The Software IP Report

Judge Robinson Revisits IPR Estoppel, Seeking Federal Circuit Clarification

A district court recently reaffirmed its ruling that statutory estoppel does not apply to grounds of invalidity that could have been included in a petition for an inter partes review but weren’t, clearing the way for the defendant to raise those grounds of invalidity against the patent at trial. Intellectual Ventures I LLC et al. v. Toshiba Corp. et al., Civ. No. 13-453-SLR (D. Del. Jan. 11, 2017). The facts in this case were discussed in an earlier post on this blog; suffice to say, the defendant Toshiba filed an IPR petition against one of the patents in suit but didn’t include a particular obviousness combination, which Toshiba now wants to present at trial.

In considering the issue in more depth, the court provides a useful summary of the current binding law on estoppel. If the PTAB institutes a ground for invalidity of a patent in an IPR, then the petitioner is estopped from raising that ground in litigation over that patent, whether or not the PTAB’s final decision covers those grounds. However, a petitioner is not estopped from raising grounds in litigation that the petitioner included in a petition but on which the PTAB did not institute review—the ruling in Shaw. See Shaw Indus. Grp., Inc. v. Automated Creel Sys., Inc., 817 F.3d 1923 (Fed. Cir. 2016).

In that summary, the court acknowledges that the present issue falls outside the existing case law: Does estoppel apply to a ground of invalidity that a petitioner-defendant could have included in a petition but didn’t? Judge Robinson, now seeing the issue as a closer call than in her earlier ruling, notes policy arguments on both sides. On the one hand, against estoppel, the PTAB has rules sharply restricting how much a petitioner can include in a petition, which weighs against making the PTAB effectively the only chance a petitioner-defendant has. On the other hand, for estoppel, a petitioner-defendant “can play games between the PTAB (IPR) and the courts (litigation), asserting some references in connection with the IPR but reserving some for litigation.”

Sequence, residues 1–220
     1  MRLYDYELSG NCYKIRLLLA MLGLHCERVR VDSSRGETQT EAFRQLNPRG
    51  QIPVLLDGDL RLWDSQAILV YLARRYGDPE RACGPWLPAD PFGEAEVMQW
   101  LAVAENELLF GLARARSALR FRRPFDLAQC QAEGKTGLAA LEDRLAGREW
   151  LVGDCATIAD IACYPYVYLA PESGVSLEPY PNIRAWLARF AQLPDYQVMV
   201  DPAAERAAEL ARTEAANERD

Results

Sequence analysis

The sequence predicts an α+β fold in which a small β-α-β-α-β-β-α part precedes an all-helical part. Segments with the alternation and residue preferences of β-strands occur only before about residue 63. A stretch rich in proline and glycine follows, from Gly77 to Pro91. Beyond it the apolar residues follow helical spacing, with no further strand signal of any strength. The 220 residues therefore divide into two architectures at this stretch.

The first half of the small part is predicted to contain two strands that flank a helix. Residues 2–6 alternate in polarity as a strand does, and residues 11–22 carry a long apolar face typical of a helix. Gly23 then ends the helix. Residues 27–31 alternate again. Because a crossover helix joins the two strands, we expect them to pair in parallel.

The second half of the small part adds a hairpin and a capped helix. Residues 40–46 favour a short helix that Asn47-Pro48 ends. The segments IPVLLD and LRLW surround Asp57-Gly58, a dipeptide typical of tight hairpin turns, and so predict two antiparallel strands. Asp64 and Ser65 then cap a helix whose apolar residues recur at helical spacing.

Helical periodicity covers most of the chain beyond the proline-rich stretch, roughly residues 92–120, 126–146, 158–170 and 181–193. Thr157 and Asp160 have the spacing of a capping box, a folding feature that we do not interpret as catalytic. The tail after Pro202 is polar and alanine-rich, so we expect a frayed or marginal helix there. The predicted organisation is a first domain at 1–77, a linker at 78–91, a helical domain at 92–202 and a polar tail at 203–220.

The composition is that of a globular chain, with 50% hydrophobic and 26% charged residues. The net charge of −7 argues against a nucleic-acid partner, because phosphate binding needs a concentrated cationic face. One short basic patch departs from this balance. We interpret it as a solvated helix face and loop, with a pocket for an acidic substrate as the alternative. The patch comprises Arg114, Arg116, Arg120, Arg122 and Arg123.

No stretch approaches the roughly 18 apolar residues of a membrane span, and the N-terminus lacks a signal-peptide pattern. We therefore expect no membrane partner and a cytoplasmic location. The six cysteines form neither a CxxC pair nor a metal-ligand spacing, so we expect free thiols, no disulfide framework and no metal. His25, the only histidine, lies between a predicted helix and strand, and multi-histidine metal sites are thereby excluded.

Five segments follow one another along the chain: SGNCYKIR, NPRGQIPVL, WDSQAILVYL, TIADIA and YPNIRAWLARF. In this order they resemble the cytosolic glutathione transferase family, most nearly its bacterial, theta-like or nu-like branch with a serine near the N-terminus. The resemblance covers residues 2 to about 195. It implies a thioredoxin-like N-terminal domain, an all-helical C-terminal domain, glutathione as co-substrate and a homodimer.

Rather than delve into the policy arguments, Judge Robinson maintains her original ruling that estoppel does not apply, allowing the defendant Toshiba to raise the disputed obviousness grounds at trial, “with the hopes that an appeal may clarify the issue for future judges in future cases.”

Lessons for Practice

So what should a defendant in a patent suit do? To use Judge Robinson’s phrasing, play games with which references are asserted in which forum. One strategy is to sort grounds of invalidity according to how technical the argument is. A hypertechnical reading of a prior art reference is better to raise before the PTAB; a relatively easy-to-explain argument can be saved for a jury.

A second strategy is to not waste space in an IPR petition on potentially duplicative references. The PTAB looks more favorably on detailed prose explanations of grounds of invalidity, so the more space to explain each ground, the better. Since the Federal Circuit has not yet ruled on this issue, the best strategy may be to include one duplicative reference in a petition. That way, when the PTAB rejects the ground as duplicative, that ground will still be available for litigation even if the Federal Circuit overrules the order in IV v. Toshiba.